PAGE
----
I ran 20+ experiments to get the geometry and feeds n speeds right. I cut cross sections to diagnose what was happening. Once I got the results dialed in, I cut a scaled version in pine and some unknown-found-log wood before using to ~$100 of walnut in an end grain cutting board. Using MDF and only doing small samples of the problematic design areas kept swearing to a minimum
Interesting! From the picture, it appears (to me) that the v-bit DOES have a sharp point, and if it was zero-setting issue, i think that would still result in sharp corners - albeit the width of the cut letters would not match the design.
What I do see is that the straight sides of the letters “curve” towards that point. Since a V-Carve depth gets shallower as you come to the point, it seems like the bit is not in the right position (x,y) based on its depth (z). I’m thinking that the actual bit angle does not match with the angle used in the software calculation. Is it possible the profile info for the bit does not match the actual bit? Keep in mind that (depending on software and possibly bit type - engraving vs vBit), some profiles use the entire included angles while others use half the angle.
@WillAdams, I have test cut a number of test with the same tool using different angles and each turned out with some sort of disfigured corner. I’ve seen many other threads suggesting this so I thought I would try before starting a thread here. I was thinking the same thing and even bought another vbit…nothing improved.
@neilferreri, Here is a picture of a pocket before the inlay I cut yesterday that made me shut down the tool and open this discussion. APologies if it is not real crisp as I took it with my crappy phone.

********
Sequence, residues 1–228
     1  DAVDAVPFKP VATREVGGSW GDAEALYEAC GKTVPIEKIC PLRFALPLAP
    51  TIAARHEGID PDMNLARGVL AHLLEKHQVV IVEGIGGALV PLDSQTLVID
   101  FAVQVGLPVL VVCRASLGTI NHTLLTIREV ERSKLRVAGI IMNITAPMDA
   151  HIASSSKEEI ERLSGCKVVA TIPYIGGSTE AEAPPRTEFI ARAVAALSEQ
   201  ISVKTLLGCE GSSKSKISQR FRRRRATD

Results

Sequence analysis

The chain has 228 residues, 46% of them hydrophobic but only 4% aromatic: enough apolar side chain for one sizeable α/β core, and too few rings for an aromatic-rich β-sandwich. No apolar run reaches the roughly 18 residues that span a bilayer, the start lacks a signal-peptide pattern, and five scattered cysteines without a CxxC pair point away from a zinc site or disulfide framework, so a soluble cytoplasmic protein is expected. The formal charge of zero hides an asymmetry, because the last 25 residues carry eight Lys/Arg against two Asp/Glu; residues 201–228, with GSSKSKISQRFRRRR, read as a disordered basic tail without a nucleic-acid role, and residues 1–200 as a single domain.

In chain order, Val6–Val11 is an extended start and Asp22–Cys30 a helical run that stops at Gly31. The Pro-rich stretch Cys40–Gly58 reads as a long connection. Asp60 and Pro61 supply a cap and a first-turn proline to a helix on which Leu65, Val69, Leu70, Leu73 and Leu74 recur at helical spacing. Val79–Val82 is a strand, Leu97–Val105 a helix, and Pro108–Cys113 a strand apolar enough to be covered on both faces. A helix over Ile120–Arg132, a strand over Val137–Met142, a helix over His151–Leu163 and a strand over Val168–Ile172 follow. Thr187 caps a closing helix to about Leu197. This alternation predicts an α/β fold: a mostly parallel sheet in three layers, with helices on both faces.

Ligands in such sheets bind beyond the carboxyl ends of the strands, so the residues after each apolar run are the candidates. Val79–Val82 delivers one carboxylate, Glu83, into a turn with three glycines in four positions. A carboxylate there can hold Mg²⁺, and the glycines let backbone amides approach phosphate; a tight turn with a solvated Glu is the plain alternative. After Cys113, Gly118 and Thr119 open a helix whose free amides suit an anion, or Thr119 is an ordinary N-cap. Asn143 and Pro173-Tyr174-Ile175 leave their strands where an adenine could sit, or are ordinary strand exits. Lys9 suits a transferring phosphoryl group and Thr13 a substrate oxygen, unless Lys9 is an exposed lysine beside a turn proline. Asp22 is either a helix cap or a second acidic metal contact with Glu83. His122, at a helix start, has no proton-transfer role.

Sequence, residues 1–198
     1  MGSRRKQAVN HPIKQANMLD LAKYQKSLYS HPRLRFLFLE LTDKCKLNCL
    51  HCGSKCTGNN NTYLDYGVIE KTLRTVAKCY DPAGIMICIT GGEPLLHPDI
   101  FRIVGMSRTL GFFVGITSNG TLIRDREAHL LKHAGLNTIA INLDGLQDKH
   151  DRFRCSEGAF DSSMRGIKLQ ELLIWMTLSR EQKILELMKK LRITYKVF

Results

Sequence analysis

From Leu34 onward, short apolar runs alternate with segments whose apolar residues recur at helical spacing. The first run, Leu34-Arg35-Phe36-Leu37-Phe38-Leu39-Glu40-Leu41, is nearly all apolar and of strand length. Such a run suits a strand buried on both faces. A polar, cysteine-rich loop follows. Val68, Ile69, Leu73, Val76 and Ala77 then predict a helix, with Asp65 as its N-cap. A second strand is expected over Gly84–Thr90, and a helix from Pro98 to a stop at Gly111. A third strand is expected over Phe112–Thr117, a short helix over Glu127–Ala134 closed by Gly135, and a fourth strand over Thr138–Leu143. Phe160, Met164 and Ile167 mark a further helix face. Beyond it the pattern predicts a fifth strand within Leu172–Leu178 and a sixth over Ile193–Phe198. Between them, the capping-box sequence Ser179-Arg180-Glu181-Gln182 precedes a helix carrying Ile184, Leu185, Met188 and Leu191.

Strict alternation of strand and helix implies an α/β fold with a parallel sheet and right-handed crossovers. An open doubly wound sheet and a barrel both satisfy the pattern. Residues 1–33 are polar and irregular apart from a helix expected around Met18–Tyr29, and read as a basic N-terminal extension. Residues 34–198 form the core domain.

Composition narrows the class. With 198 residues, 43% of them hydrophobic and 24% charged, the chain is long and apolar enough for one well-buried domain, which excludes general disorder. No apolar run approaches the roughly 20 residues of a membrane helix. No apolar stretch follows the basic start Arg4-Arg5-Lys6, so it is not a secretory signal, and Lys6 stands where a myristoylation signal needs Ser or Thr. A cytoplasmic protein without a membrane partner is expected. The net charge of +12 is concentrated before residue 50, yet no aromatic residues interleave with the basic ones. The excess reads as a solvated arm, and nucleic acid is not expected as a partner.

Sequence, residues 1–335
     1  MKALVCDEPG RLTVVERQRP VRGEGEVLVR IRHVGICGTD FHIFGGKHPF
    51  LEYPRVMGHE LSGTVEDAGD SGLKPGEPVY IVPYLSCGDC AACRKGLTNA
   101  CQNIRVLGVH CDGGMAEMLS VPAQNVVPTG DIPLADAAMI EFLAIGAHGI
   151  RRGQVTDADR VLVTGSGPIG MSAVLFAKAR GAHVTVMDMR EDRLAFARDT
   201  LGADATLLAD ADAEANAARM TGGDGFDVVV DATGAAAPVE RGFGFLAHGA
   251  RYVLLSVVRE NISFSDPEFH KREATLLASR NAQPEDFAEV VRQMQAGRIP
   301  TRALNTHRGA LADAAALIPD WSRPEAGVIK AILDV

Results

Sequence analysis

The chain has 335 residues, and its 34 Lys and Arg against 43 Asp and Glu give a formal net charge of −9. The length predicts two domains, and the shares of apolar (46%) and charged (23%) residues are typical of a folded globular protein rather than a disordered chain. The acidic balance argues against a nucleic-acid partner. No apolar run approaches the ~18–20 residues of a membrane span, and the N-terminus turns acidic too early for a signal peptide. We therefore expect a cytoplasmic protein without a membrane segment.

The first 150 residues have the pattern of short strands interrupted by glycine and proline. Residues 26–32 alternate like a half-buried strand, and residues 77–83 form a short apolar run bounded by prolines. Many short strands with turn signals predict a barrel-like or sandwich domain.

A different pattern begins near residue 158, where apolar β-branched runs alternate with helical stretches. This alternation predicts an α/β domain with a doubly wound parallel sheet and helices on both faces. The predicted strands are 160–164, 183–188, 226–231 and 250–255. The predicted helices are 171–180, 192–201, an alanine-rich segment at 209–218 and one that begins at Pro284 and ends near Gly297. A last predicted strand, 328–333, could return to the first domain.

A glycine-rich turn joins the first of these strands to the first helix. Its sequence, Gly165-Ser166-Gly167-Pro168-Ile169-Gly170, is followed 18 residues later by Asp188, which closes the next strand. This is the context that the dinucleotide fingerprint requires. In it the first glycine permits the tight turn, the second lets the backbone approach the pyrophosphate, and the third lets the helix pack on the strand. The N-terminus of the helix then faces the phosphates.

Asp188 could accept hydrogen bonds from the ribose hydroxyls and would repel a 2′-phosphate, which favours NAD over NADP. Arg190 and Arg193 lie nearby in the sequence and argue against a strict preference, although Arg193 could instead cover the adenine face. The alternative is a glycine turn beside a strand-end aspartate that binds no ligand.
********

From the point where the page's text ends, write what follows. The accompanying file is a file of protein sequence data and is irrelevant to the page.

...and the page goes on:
@HSWiley, I am using Amana Bit and I am using their database so I would hope that the information for the bits is correct. I even slowed down the feeds and speeds thinking perhaps the Shapeoko needed things to slow down a bit…same result.
I was out in the shop and I took a square using the aluminum tracks, as I believe they will be flat and level with how they were manufactured I out the square up to the Z Axis plate and I see this.
While the square touches at the top I see daylight at the bottom. I cannot tram the Y axis, I tried, as the extruded aluminum is threaded and there is NO play. Short of shimming the router mount I am at a loss. I am wondering if things not being square is causing my issues.
In carbide create, I designed 4 pockets with advanced v-carve nominally using the 201 (1/4) for bulk clearing, and then #302 (60 deg Vee) for the vcarve portion.
To ensure a flat surface I pocketed 0.040 inches over the field
Left most pocket (top since the picture came in sideways) is adv vcarve 201/302 (as the design) between 0.04 and 0.165